Going on a road trip is very exciting, especially when you’re planning on taking your dog along. However, planning for the extra passenger can also be a bit anxiety-inducing as well. Dogs add another layer of complexity to the trip. If you’re looking to have success on this road trip, it is important to plan appropriately.
Before you consider taking your dog on a road trip, you should consider these six questions.
Does Your Dog Have Enough Experience?
You shouldn’t take a dog that has hardly ridden in cars on a long car ride. They simply haven’t experienced cars enough to be confident and behave appropriately. Many dogs will become stressed and anxious, which is a recipe for problem behaviors. Anxious dogs are often more fearful and aggressive. Plus, they may try to calm themselves in destructive ways, like chewing.
If you have months before your road trip, you can use the time to prepare your dog. Take them in the car more often, starting with slow rides and slowly elongating them. Some dogs take quickly to cars, while others need a lot of preparation.
Is My Dog Physically Able?
Some dogs simply aren’t physically able to go on long road trips. If your dog can’t hold their bladder for very long, then it probably won’t be able to withstand a longer road trip. Dogs on specific diets, senior dogs with eating problems or medication regimens may also be unsuitable for road trips. If your dog has any sort of medical problem, can you properly manage it while on the road and away from their usual vet?
Even if your dog doesn’t have any health problems, you should take them to the vet before you leave. The last thing you want is for your dog to get sick while on the road. It is best if you rule out any health problems before you leave. Your dog may need new vaccinations depending on where they are traveling to.
Would My Dog Like It?
Some dogs just don’t have the personality necessary for road trips. They may not like new people or dogs, which is all they will see while on the road. They may also be leash-reactive and anxious when in new places, which can spell disaster when they don’t have anywhere familiar to stay. Don’t take an anxious dog on a road trip. It won’t be fun for you or them.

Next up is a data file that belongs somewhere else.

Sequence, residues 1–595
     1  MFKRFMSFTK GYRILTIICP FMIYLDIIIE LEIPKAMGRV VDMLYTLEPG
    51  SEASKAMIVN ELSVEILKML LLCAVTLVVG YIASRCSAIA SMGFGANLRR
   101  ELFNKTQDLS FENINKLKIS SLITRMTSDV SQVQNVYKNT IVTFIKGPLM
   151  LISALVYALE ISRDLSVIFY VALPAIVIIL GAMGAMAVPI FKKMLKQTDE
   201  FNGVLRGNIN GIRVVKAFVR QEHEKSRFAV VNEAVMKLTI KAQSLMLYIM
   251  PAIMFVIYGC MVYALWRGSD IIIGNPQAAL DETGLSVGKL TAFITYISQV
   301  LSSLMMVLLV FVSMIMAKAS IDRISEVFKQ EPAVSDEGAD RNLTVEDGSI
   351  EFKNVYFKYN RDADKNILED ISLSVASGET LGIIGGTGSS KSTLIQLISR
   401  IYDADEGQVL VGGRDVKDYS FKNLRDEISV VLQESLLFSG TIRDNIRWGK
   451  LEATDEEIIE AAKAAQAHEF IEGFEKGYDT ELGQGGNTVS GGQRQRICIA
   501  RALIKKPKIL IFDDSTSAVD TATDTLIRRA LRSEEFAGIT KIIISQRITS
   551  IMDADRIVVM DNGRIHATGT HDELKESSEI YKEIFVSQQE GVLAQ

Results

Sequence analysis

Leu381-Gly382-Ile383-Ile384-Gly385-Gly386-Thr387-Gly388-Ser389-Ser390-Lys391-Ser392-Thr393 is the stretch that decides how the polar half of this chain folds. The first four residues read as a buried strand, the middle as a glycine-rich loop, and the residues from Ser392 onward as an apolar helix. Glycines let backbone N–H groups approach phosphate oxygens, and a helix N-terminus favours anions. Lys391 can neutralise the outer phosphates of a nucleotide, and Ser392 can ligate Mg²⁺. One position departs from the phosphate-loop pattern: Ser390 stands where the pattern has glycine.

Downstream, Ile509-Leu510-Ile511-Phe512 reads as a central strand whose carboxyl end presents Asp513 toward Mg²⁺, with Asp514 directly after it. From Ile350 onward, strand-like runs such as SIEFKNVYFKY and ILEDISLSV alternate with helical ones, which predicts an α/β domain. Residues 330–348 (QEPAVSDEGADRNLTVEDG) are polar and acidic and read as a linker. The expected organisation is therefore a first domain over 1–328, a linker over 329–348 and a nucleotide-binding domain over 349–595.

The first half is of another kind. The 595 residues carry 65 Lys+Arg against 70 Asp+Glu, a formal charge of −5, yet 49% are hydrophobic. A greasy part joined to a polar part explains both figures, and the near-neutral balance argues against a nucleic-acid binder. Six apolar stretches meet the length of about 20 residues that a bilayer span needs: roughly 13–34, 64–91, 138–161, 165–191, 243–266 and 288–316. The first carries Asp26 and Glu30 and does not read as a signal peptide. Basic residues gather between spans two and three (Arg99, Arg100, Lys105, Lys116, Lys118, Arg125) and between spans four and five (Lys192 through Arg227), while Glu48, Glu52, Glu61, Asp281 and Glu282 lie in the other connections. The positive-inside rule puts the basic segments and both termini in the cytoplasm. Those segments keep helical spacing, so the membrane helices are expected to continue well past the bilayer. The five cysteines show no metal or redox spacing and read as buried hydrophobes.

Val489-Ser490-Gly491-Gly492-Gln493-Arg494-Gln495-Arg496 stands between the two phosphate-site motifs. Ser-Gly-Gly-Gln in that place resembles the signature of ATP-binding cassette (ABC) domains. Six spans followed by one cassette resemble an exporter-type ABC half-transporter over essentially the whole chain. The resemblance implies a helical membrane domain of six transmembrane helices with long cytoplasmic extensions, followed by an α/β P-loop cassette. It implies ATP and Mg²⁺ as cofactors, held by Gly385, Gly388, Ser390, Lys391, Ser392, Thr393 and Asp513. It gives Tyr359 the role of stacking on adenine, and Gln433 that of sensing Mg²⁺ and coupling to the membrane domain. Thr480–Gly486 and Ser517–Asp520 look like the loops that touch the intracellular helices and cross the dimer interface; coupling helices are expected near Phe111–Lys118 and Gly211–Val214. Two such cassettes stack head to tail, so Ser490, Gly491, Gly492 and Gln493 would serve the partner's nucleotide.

You may want to take your dog on a few test outings before the road trip. For instance, consider going to the park or taking a short trip to a neighboring town to a dog-friendly restaurant. Consider going on an overnight trip as well, just to see how your dog sleeps in an unusual environment. This could even be to a friend’s house, as long as your dog is sleeping somewhere unusual.
How Will I Feed My Dog?
How do you plan on feeding your dog while on the trip? Depending on how short the trip is, you may be able to take all the food you need with you. However, consider how you’ll keep the food dry and away from pests when on the road. This can be a bit more difficult than when you’re at home.
If you can’t take enough food with you, you’ll have to purchase it on the road. You should plan out where you’ll need to purchase food and consider what to do if the store you shop at doesn’t have your dog’s food. Will it matter? If your dog is on a special diet, this can be a serious problem.
Is My Dog Microchipped?
ID tags are a great option when you’re local. On the road, they can be less helpful. If your dog runs off, an ID tag might not help reunite you since your address will be hundreds of miles away. You’ll also be unable to do the usual things recommended when a dog becomes lost, such as checking the local animal shelters.
For this reason, a microchip is essential. We recommend them for every dog. They are inexpensive and work far better than a simple ID tag. However, if you’re going to travel, they are even more important. Microchips are universal in that they can be scanned from anywhere in the world.
What’s the Worst-Case Scenario?
Anyone planning on taking their dog on vacation should plan for the worst-case scenarios. Dogs can complicate many normally stressful situations and make them even more difficult. For instance, what happens if you get in a car wreck? Many rental car services allow dogs inside but require that the customer return the car free from pet hair. Is that possible with your dog?
What happens if your dog becomes ill? Are you willing to stop for a few days while they recover at a vet’s office? Do you have the funds to do that? Veterinary fees vary by location. Even if you can afford an emergency vet bill at home, that doesn’t mean you’ll be able to afford one on the road—research prices before you leave.
If you’re on a time crunch, it is often best to leave your dog at home. They can often add extra time to the trip for all sorts of reasons, such as extra potty breaks and stomach troubles. If you need to be somewhere ASAP, you may be unable to accommodate all of these extra tasks.
There are many things that can go wrong when you’re taking your dog on a road trip. Planning can help things go a bit more smoothly, but dogs will always add a bit of unknowability to the trip. Plan for the unexpected, and it won’t be so stressful when you can’t find your dog’s food while traveling.